• HISD documents show that “an unidentified district employee” registered for a conference in May 2005 atMandalay Bay Resort and Casino, the memo says. But HISD is “unable to confirm” that Steve Kim, HISD’s networking manager at the time, “accepted a trip to Las Vegas from HP on any of these dates,” the memo says.

According to the most recent lawsuit settlement with HP, the computer company will pay $16.25 million to the federal government. More than $7.4 million is associated with allegations in DISD and more than $8.8 million for the allegations associated with HISD. HP will also have to pay more than $200,000 in attorney fees, according to the settlement.

Once the federal government receives the money, it will give more than $1.4 million to plaintiffs Dan Cain and Pam Tingley and close to $800,000 to Dave Richardson, Dave Gillis and Barry Clauss, according to the settlement. In the documents, all five of the individuals are listed as being associated with real estate companies, Cain Realtors and Richardson Realtors.

HP is currently on the approved vendor list for HISD, Patton said, and it most likely will stay on.

“We do not do a lot of direct business with HP. We will analyze that (whether HP should remain on the list) but I do not think it would be smart to remove a solid vendor like that. It could potentially be very costly to change midstream.”

According to Patton, HISD primarily buys HP equipment through resellers and does not do a lot of direct buying from the company. An HISD contract database obtained by Texas Watchdog shows payments HP receiving close to $20,000 in payments from HISD from 2005 to 2009. Hewlett-Packard banned ACS and Micro Systems Engineering, two HISD E-rate vendors accused of providing sporting tickets and other gifts to HISD employees, from selling its equipment in late 2006, the Houston Chronicle reported.

Patton said the only way HP would be removed from the district’s vendor list were if the federal government specifically asked the district to do so. He also said HISD will review the compliance and settlement agreements HP signed with the federal government but does not think they will have an impact on HISD.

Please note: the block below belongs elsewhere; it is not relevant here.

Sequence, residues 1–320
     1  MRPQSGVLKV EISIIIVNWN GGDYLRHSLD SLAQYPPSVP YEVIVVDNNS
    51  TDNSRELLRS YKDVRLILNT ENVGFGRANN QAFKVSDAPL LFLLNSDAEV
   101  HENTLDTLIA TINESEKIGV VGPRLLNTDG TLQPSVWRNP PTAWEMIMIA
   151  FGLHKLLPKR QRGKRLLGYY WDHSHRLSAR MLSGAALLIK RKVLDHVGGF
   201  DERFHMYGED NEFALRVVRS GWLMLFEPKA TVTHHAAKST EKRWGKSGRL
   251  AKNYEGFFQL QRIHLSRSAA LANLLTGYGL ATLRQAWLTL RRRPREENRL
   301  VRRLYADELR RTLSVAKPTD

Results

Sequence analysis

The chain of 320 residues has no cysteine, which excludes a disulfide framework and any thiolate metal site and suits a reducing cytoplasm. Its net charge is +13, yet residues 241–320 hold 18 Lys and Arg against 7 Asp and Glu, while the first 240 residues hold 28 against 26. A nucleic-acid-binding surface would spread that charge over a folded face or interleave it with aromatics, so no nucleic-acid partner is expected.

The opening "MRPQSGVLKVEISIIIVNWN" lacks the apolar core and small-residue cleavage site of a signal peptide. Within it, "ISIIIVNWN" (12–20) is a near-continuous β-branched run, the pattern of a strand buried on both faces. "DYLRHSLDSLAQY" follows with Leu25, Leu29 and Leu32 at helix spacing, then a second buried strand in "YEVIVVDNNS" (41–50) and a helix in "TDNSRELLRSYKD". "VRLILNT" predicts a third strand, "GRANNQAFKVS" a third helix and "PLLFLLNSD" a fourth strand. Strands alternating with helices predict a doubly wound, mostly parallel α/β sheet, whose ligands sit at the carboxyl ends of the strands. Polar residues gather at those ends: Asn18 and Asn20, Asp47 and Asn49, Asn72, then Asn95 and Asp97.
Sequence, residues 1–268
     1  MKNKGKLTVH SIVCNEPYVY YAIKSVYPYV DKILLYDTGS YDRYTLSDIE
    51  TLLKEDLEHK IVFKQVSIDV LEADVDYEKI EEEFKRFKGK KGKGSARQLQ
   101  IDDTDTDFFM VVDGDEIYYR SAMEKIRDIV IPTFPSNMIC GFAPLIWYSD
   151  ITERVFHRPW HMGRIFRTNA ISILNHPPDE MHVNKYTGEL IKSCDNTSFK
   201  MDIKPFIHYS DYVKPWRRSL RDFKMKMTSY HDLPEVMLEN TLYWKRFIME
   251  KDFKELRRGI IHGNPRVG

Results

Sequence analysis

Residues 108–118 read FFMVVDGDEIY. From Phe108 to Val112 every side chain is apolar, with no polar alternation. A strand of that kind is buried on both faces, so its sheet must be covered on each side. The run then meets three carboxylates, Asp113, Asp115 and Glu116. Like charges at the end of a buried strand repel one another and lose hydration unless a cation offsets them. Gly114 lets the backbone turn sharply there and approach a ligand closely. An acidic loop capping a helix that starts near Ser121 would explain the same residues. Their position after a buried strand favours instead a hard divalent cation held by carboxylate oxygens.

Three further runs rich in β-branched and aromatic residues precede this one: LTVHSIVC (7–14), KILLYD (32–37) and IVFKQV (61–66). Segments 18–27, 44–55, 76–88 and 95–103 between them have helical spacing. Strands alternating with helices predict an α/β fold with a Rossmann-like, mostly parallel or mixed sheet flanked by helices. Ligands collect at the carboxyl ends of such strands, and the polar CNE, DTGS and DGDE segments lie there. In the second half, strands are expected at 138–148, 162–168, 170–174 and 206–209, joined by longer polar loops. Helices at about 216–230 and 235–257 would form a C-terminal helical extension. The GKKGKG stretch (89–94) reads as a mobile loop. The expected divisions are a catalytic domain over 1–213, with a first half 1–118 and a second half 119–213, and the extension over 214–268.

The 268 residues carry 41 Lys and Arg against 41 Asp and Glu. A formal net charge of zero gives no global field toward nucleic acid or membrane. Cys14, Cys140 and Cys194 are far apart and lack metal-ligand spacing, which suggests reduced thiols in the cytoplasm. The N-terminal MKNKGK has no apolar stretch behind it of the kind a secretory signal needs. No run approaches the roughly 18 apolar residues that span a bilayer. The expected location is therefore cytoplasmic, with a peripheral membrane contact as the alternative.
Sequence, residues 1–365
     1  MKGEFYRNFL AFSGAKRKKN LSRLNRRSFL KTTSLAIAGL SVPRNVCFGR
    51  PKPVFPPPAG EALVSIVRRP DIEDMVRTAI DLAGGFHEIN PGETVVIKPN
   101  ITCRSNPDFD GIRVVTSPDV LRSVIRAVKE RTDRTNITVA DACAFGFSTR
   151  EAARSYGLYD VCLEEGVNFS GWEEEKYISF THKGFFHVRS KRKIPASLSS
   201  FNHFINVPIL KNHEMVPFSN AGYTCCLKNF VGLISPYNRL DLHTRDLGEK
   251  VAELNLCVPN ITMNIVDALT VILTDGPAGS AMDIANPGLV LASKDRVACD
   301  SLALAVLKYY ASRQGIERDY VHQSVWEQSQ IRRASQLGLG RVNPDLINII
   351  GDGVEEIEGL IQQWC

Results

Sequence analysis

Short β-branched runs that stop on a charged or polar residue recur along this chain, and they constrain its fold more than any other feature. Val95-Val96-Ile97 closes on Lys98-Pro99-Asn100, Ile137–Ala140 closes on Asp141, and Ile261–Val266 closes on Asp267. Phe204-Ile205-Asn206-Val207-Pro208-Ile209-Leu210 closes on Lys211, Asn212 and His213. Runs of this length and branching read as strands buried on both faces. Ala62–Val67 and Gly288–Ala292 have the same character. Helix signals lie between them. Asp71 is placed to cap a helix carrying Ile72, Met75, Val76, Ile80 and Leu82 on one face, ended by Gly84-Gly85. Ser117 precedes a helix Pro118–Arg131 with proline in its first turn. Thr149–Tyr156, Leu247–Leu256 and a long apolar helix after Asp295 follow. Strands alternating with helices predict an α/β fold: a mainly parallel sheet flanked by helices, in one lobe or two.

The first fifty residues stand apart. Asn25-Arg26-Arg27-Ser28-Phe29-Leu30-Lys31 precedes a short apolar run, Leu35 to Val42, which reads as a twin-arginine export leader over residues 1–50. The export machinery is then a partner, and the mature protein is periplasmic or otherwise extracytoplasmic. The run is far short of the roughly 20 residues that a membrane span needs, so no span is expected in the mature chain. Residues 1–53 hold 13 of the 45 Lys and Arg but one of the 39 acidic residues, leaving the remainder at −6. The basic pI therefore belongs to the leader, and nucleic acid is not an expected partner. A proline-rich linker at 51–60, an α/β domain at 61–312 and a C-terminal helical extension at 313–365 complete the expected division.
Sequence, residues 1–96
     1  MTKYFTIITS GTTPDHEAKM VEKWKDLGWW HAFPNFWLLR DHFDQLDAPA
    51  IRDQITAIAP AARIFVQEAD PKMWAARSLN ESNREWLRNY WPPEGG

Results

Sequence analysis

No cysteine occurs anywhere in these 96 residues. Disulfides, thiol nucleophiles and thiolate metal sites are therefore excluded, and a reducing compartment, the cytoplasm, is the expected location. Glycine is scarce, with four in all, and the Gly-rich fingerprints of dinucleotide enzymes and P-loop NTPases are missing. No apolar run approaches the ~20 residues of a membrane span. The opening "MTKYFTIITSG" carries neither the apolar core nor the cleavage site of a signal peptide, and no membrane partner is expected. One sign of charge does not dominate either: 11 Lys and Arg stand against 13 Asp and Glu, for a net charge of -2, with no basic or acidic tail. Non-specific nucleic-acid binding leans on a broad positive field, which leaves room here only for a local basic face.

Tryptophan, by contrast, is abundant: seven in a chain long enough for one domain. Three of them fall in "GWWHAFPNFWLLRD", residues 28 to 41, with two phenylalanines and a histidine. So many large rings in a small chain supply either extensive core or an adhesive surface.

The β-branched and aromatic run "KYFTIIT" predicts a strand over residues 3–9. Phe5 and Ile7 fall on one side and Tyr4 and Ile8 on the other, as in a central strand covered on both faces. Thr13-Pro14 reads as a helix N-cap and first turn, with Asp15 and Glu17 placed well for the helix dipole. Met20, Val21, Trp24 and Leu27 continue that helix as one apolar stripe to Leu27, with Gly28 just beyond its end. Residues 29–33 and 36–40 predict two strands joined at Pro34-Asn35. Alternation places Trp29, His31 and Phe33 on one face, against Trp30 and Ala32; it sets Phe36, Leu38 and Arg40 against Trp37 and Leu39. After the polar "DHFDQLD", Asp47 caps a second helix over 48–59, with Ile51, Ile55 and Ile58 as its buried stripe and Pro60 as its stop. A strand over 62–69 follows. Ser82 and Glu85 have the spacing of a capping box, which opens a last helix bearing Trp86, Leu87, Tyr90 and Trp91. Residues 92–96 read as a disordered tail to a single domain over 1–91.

“I don’t think the district will be at a loss as a result of this agreement. We were not a part of the investigation,” he said. “Prior to our settlement agreement we had gaps and holes but we have closed those.”

Cain, from Dallas, spoke for the first time about the lawsuit in a recent story in the Dallas Observer. According to the story, Cain, a Realtor, did not work for DISD but his cousin, Chuck Spivey, did, serving as a district assistant superintendent and chief technology officer.

“One day in the fall of 2002, Bohuchot told Spivey that he and some dude from Houston named Frankie Wong were going in on a big ol' boat together -- a 46-foot Post Yacht dubbed the Sir Veza. It was worth more than $300,000. Spivey knew just the perfect folks to work that sucker: His cousin Pam -- Danny Cain's sister -- and her husband, Dan Tingley. Dan would captain; Pam would serve as first mate -- hostess, in other words...”

According to the story, Cain soon began receiving mail at his house from Coast Guard about the yacht and other pieces of mail that were addressed to Wong and Bohuchot.

“...he was furious: ‘Here were all these people stealing money from school kids -- and they were using my house for an illegal enterprise,’ he says. ‘I didn't care if it was my brother-in-law and sister.’”

Wong was sentenced to 10 years in prison, Bohuctot received 11 years. According to an article in the Houston Chronicle, both were denied appeals Tuesday in a New Orleans-based federal court.

Contact Lynn Walsh at Lynn@TexasWatchdog.org, 713-228-2850 or on Twitter @LWalsh. You can also follow her at @TexasWatchdog.